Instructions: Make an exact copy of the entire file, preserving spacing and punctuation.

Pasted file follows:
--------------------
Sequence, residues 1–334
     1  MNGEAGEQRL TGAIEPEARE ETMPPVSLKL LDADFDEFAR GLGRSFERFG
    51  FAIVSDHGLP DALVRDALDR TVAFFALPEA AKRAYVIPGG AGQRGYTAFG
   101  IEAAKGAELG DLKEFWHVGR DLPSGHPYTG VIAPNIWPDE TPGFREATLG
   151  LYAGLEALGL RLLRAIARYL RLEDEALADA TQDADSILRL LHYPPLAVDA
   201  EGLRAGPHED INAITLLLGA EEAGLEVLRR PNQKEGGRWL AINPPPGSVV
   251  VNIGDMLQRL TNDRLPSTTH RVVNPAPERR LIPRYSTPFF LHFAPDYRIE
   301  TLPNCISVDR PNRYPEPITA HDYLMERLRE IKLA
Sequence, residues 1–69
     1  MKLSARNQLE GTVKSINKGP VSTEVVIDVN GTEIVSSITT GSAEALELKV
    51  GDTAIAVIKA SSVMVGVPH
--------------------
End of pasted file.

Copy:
Sequence, residues 1–334
     1  MNGEAGEQRL TGAIEPEARE ETMPPVSLKL LDADFDEFAR GLGRSFERFG
    51  FAIVSDHGLP DALVRDALDR TVAFFALPEA AKRAYVIPGG AGQRGYTAFG
   101  IEAAKGAELG DLKEFWHVGR DLPSGHPYTG VIAPNIWPDE TPGFREATLG
   151  LYAGLEALGL RLLRAIARYL RLEDEALADA TQDADSILRL LHYPPLAVDA
   201  EGLRAGPHED INAITLLLGA EEAGLEVLRR PNQKEGGRWL AINPPPGSVV
   251  VNIGDMLQRL TNDRLPSTTH RVVNPAPERR LIPRYSTPFF LHFAPDYRIE
   301  TLPNCISVDR PNRYPEPITA HDYLMERLRE IKLA
Sequence, residues 1–69
     1  MKLSARNQLE GTVKSINKGP VSTEVVIDVN GTEIVSSITT GSAEALELKV
    51  GDTAIAVIKA SSVMVGVPH